I had Ernie in 2015, and since then, it’s always been about taking on work that fits around the kids. I still worked after I had Ernie, like the sport presenting – which was good because it was an intense week and then you’d be off again. That’s why I do less Countryfile, as much as I love Countryfile and I’m really good friends with everyone at the show, but the reason I don’t do it as often is because you have to be away Wednesday and Thursday nights, it’s the other end of the country and it just doesn’t fit with me having little kids. But the other farming show [Channel 5’s On the Farm] that I do is live, so you’re on at 8 o clock at night and you’re off at 10. So I go, get my tea made for me, have my face painted, do my work and then I’m back home.

I think because I’m freelance and self-employed, I feel lucky in that it can be intense at work so you’re ticking your career box and doing your thing there, but then the week after, you can potentially be off for three weeks so then you’re being a full-time mummy again. So, I feel lucky that I get my foot in both camps. I’d like to think that I’ve got a bit more empathy for my friends who work full time and for those who don’t work.

What is your experience with Mum Guilt?

Every mum I know at some point or another feels ‘Mum guilt.’ They feel guilty if they work too much, or they feel guilty that they don’t work enough, the whole thing is a juggle. My mum was lucky, we grew up on this farm, so she didn’t work and that’s the dream for some, but life’s different now. And I don’t think anyone should look at other people’s situations and make assumptions, because I’ve done it myself where I’ve thought ‘gosh she work’s a lot! She must hardly ever see her kids?’ But then I stop myself because I think, you know what, we’ve all got to buy food! That whole thing of walking a mile in someone else’s shoes is so true. I don’t think you can ever say which is the right way to do it, because everyone’s kids and everyone’s situation is different, you can only do what’s right for you and not compare yourself. But it can be hard not to do that because of social media.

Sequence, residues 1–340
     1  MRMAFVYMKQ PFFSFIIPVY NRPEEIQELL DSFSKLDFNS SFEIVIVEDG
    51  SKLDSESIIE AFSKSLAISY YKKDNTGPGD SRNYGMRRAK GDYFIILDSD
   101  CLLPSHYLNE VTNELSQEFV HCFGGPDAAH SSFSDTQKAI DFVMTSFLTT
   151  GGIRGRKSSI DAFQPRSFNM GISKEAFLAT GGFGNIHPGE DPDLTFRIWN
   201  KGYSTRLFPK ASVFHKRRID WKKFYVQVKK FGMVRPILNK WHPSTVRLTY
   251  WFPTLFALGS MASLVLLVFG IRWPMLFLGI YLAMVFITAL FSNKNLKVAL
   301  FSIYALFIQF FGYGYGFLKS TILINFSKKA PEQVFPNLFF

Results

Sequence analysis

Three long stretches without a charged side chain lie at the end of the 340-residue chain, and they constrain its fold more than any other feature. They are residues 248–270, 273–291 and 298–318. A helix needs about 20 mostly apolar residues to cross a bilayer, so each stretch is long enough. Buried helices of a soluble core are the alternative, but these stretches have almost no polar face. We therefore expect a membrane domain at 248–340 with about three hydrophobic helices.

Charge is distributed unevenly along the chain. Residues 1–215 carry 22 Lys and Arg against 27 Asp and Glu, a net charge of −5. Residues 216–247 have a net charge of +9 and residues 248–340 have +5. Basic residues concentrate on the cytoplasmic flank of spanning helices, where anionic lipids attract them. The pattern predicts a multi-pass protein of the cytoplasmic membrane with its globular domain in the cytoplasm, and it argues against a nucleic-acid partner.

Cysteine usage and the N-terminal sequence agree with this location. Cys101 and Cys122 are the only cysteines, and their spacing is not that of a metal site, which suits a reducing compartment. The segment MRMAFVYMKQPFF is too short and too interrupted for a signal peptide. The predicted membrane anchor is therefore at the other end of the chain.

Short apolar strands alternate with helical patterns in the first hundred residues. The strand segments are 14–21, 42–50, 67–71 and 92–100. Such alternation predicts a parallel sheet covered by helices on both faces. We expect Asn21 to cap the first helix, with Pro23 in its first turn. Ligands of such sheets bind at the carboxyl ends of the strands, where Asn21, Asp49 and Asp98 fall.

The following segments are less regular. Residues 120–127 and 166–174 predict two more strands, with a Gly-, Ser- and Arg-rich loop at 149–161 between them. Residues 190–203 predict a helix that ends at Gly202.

You have to remember social media is a superficial top layer of people’s lives, although it’s hard to remember that at times, is important to remind yourself of that. But no one is made of metal but equally every situation is different.

Mine are terrible sleepers, they both like to sleep in my bed which isn’t good, but then other people will be like ‘well that isn’t good?’ Rather than ‘oh that’s nice because they’ll be 18 soon!’ [she laughs] – but it’s survival! I got my eldest to sleep in his own bed the other night and he was negotiating a deal and said he would for £20! I was like – ‘I can’t give you £20 a night!’ – No wonder I’ve had to go back to work! [she jokes.]

Helen Skelton
Helen Skelton © BROOD MAGAZINE

“…it’s always been about taking on work that fits around the kids.”

What was the biggest adaptations that you have made to your life since your children have come along.